“She just bullied her way into the country,” Crawford said. “She was a bossy woman (who) wanted it her way. And went out there and did it.”
It was in Tehran that she met her husband, Joe Fox, who worked in the U.S. Information Service. During the two years they lived in Borneo - Joe was serving in the Peace Corps - they adopted their daughters, Marguerite Gay (now Crawford) and Joanne Mary Fox, who were later naturalized in the United States.
In 1964, the Foxes moved to Black Mountain – to a Montgomery Ward pre-fabricated house - to give their daughters a home and to look after Gay’s parents, who lived in Montreat on Virginia Road.
Before his death in 1991, Joe and Gay Fox made Springles, artificial flowers netted the couple admittance to the Southern Highland Craft Guild. The couple made them out of their home with a group of people who might not have had jobs otherwise, White said. “It was a very inclusive group,” she said. Fox “saw people as important individuals.”
“Gay was one of the most caring people that I have encountered,” said Kelce Lytle Sr., who met her soon after he moved to Black Mountain from McDowell County to take a job in Asheville. He ran for alderman, and Fox helped him meet a lot of people.
“She seemed to have no constraints when it came to people of color,” Lytle said. “She cared about all of us in the Black Mountain area. She was a tremendous lady. I think anyone who has ever encountered her would tell you that.”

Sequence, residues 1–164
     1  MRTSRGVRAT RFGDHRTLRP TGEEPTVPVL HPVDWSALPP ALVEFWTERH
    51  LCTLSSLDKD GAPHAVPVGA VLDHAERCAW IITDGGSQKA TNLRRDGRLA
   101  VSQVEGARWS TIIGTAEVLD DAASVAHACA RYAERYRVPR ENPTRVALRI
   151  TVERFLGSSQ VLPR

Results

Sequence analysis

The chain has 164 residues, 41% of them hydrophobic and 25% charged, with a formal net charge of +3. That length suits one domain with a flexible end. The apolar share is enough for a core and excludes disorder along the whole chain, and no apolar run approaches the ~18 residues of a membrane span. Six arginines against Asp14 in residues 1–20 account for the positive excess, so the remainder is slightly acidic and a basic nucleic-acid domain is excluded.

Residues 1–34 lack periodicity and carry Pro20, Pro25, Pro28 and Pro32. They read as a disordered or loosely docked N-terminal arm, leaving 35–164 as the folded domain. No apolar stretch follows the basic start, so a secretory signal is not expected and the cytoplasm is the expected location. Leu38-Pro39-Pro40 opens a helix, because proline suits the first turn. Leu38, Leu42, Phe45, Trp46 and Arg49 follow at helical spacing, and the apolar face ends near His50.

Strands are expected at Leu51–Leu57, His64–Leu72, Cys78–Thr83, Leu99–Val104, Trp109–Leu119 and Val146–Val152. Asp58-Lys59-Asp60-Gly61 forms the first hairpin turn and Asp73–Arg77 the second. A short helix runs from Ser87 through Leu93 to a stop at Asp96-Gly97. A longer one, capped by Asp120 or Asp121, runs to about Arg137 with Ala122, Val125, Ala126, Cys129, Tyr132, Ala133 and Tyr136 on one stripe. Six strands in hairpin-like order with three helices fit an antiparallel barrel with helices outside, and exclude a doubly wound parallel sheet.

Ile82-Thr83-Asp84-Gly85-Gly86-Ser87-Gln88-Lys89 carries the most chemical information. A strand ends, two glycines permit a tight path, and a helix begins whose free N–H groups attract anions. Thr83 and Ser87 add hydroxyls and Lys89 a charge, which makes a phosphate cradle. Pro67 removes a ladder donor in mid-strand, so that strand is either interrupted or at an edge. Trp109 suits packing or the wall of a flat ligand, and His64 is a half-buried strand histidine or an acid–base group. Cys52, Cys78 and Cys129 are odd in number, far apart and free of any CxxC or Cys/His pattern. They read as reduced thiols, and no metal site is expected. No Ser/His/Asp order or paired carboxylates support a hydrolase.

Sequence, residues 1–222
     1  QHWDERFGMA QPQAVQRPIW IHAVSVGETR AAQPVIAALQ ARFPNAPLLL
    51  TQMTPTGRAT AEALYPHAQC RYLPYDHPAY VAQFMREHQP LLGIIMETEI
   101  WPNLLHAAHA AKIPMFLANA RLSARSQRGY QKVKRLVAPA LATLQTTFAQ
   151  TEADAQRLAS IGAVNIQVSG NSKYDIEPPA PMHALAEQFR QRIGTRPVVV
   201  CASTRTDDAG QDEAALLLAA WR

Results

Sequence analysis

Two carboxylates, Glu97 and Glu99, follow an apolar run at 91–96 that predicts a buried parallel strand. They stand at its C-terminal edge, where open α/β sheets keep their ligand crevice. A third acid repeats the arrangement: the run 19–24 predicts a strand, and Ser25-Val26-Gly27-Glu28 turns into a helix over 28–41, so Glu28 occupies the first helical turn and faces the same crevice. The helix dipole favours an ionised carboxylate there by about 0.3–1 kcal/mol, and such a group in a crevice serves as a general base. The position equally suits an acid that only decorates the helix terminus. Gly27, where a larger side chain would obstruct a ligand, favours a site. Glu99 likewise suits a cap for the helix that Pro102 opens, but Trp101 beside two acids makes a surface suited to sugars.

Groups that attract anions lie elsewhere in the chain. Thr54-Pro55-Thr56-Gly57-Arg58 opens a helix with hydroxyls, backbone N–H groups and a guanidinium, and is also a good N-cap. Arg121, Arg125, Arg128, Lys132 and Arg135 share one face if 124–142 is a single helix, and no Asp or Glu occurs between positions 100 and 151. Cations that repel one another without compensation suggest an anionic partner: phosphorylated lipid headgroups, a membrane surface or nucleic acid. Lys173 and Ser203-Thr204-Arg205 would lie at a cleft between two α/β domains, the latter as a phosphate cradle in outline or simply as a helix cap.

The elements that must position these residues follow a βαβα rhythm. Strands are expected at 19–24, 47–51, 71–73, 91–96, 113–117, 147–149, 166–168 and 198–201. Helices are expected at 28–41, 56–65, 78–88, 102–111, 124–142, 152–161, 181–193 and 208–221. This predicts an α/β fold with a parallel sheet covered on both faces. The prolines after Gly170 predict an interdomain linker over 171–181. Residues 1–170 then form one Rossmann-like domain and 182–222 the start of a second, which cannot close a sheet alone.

Her impulse to take risks to accomplish her goals was evident in 1997 when, after selling homes for nearly 25 years, she took a team approach to building a house. She assembled a group of subcontractors to plan the house together, a departure from what she said was the standard at the time – hiring contractors piecemeal. She invested more than $400,000 to prove her concept worked.
“"I figured that if other people couldn't see how well teamwork works when building a house, I'd show them myself," she told The Asheville Citizen Times in February 1997. The house, she said, was “sort of my monument to what is right. It may be a big gamble, but I believe you have to have the courage to make a stand. That's what I've done.
“It may be a big risk, but I have faith that it will pay off in the end.”